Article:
Itsik (Robert) Goldenberg
I was born in Toronto, Canada, in 1936 and lived there until 1959, then moved to a small town near Buffalo NY, but still in Canada. I taught high school chemistry there until I retired in 1991.
I learned Yiddish as a child, at home and in an old-fashioned kheyder where we learned Yiddish by repeating after the rebbe line-by-line translations from siddur and khumesh. We also learned to write letters but never studied Yiddish grammar or Yiddish literature. My father took me with him to the Yiddish theatre in Toronto (I still remember being introduced to Maurice Schwartz backstage) and to hear the great cantors who performed there. My father lovingly read me stories from Sholem-Aleykhem and from the Yiddish newspapers.
Although I maintained an interest in Yiddish, I had little time to cultivate this interest.. At about the time of my retirement, my wife, who had no background in Yiddish, was invited to join a klezmer band as a vocalist. In 1992, we went to KlezKamp, the Yiddish Music and Folk-Arts Institute, and it was a seminal experience. The following summer we attended the workshop at the National Yiddish Book Center, and also participated in theYiddish Cultural Experience program run by the Workmen's Circle in upstate New York. We travel constantly, often hundreds of miles, to attend klezmer and other musical and cultural events.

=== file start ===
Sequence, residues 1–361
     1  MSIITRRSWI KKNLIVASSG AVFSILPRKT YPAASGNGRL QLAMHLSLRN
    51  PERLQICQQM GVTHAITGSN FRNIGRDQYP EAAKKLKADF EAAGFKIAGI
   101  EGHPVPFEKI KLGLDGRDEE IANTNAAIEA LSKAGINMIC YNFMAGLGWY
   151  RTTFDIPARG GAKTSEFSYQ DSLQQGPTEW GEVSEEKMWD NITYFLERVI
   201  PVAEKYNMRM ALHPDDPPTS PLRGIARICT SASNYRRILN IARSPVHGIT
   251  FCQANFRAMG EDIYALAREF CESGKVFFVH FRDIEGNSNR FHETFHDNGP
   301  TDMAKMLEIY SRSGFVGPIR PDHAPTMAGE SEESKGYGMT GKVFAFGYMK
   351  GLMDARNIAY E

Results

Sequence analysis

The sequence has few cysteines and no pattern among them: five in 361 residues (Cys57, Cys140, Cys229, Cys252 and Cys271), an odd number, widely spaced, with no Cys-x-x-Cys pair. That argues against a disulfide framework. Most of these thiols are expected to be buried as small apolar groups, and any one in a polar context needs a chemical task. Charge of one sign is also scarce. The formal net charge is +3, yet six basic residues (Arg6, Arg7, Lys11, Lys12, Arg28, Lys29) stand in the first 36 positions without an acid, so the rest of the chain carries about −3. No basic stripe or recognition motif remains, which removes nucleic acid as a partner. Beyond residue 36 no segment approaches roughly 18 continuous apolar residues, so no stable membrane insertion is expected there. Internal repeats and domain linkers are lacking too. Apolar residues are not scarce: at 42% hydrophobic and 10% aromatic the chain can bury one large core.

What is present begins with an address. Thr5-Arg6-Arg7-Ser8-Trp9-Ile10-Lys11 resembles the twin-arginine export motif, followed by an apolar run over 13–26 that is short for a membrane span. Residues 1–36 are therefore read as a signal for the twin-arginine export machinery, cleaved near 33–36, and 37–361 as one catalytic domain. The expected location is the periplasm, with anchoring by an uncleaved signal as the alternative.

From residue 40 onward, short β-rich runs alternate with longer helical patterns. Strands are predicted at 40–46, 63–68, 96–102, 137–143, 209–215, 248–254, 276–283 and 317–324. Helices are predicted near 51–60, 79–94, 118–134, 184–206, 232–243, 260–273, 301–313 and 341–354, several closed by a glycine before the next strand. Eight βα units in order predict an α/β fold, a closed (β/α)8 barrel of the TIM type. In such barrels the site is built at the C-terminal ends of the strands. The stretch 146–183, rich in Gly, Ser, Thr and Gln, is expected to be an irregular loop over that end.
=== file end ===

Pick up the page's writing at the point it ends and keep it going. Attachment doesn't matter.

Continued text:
A few years ago I undertook to catalogue the 1000+-folio Yiddish sheet music collection of the NYBC, a project that greatly increased my Yiddish vocabulary. I began subscribing to the Forverts, and sought out native Yiddish speakers with whom I could converse. I became an active zamler for the NYBC and, in the process of collecting many thousands of books, I have made friends with manyYiddish speakers. I assist my wife who performs concerts of Yiddish art and theatre song. My work for The Mendele Review and Di Velt Fun Yiddish under Leonard Prager's direction continue to challenge and stimulate me.
Yiddish has become my prime interest, forcing me to neglect my bookbinding, microscopy, letterpress printing, darkroom photography, woodworking, gardening, antique phonographs and antiquarian book collecting. And I subscribe to more than a score of journals! Every Monday I lead a Yiddish group which meets in Buffalo, New York. Here I can share, face to face with others, my enthusiasm for the wonderful world of Yiddish.
Fort Erie, Ontario, Canada